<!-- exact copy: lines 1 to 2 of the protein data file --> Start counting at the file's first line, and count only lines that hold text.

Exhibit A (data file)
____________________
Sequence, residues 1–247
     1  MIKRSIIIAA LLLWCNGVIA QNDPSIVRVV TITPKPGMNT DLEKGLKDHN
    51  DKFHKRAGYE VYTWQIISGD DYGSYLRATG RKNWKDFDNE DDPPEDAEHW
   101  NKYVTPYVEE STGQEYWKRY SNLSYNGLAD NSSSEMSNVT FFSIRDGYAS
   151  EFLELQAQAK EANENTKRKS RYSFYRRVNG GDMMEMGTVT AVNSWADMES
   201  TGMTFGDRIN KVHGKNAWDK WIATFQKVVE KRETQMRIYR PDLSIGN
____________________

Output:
Sequence, residues 1–247
     1  MIKRSIIIAA LLLWCNGVIA QNDPSIVRVV TITPKPGMNT DLEKGLKDHN